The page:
12-13-2011By Quinn O'Keefe
Senior Associate, Human Rights Defenders Program
When protests began in Tahrir Square this past year, thousands of “first time” women activists were inspired to join the growing movement calling for democracy in Egypt. While the world turns its attention to the development of women’s rights in post-election Egypt, there are still abuses that persist daily under the Supreme Council of the Armed Forces (SCAF).
Our friends at Nazra for Feminist Studies just released a report documenting how the SCAF is suppressing women activists using the same tactics as the Mubarak regime of violence, sexual assault, baiting, and sexually-based charges. In addition to shaming women activists in their communities, these tactics are meant to intimidate other women from becoming politically active.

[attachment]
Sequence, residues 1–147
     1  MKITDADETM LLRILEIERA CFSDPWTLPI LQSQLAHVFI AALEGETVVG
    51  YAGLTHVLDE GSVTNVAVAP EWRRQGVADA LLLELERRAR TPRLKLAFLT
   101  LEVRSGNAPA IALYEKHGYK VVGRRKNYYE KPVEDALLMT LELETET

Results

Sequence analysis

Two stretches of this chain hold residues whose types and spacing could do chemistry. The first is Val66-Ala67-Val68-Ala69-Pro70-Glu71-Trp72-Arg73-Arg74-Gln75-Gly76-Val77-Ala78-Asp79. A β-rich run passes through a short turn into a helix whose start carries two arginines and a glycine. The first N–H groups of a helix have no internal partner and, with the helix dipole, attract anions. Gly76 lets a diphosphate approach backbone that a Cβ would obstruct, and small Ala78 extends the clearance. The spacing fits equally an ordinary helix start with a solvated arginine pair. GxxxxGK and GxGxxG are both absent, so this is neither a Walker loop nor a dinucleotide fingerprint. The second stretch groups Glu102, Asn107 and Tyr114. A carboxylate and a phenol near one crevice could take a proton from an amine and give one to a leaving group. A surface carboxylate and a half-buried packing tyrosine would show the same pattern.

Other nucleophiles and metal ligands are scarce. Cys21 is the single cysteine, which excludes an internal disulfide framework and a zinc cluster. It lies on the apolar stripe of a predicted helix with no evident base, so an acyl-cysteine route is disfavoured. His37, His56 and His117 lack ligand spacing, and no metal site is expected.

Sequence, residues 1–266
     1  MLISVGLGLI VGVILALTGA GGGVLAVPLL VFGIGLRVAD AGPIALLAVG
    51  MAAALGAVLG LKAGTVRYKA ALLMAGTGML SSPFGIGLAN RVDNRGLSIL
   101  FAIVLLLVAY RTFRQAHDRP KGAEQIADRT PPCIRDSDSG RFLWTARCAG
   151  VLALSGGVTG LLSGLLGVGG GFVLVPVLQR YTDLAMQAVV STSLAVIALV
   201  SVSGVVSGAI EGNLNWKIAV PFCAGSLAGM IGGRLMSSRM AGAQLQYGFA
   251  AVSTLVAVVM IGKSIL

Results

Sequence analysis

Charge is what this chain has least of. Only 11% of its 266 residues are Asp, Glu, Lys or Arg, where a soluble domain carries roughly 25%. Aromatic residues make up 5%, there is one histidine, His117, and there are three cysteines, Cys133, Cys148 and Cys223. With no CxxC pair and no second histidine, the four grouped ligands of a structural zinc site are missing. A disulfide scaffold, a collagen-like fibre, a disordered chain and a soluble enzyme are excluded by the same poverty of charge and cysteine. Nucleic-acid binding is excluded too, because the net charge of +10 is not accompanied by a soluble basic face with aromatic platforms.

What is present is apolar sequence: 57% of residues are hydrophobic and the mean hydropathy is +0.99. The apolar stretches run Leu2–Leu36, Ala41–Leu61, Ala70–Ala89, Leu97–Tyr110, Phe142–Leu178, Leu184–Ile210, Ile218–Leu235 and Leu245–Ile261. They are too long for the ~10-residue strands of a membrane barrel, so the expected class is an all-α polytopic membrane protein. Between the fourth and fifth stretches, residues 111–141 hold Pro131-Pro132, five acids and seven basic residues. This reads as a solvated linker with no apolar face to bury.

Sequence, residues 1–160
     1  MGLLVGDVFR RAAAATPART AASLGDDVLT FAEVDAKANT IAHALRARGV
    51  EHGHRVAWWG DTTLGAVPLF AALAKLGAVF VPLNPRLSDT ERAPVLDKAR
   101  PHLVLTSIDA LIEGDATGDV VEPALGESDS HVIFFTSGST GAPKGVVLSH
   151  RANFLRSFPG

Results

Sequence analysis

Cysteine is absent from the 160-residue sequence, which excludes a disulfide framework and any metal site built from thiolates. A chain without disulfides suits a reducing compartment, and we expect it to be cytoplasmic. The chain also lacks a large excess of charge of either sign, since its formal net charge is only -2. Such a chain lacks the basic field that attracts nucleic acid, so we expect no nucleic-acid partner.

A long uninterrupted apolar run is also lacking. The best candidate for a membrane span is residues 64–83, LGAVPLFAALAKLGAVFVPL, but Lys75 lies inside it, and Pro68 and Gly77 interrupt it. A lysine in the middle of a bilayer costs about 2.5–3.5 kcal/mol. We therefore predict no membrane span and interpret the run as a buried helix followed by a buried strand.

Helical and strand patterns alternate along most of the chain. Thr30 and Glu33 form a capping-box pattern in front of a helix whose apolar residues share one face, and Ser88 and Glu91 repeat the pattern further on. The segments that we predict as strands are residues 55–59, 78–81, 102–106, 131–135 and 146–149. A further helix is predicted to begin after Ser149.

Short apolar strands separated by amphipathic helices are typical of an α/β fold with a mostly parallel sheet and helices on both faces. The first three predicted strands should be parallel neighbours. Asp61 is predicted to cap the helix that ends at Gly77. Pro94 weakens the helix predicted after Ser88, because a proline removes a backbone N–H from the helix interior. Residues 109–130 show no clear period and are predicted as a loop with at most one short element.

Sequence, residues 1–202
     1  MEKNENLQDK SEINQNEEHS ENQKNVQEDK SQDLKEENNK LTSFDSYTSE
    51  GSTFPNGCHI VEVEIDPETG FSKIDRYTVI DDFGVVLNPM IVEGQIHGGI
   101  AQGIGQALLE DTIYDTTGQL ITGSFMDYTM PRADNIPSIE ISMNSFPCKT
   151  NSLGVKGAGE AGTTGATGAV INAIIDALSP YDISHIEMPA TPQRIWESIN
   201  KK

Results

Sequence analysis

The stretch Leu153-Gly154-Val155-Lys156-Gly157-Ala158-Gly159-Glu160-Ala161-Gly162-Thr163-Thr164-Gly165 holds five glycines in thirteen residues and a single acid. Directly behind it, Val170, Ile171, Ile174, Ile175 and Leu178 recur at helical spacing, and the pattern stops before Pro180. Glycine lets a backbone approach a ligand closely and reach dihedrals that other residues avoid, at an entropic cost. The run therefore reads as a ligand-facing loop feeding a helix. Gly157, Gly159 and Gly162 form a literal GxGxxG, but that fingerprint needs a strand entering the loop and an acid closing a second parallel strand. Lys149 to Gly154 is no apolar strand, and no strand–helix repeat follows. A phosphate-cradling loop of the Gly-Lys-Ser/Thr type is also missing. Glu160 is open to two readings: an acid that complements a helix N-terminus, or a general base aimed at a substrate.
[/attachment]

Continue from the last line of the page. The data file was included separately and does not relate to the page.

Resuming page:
Nazra and other groups on the ground are now working to keep women activists engaged, and to fight for a space in the public sphere that is free from harassment and violence against women. Human Rights First hopes to help by coordinating peer-to-peer exchanges between Nazra and other women activists from around the region and world who have faced similar transitions and worked to keep new women activists at the forefront of political and social change.
Human Rights First recently returned from Cairo after meeting with Nazra on these issues, and also provided written testimony to the Senate Subcommittee on Global Women’s Issues on women in the Arab Spring.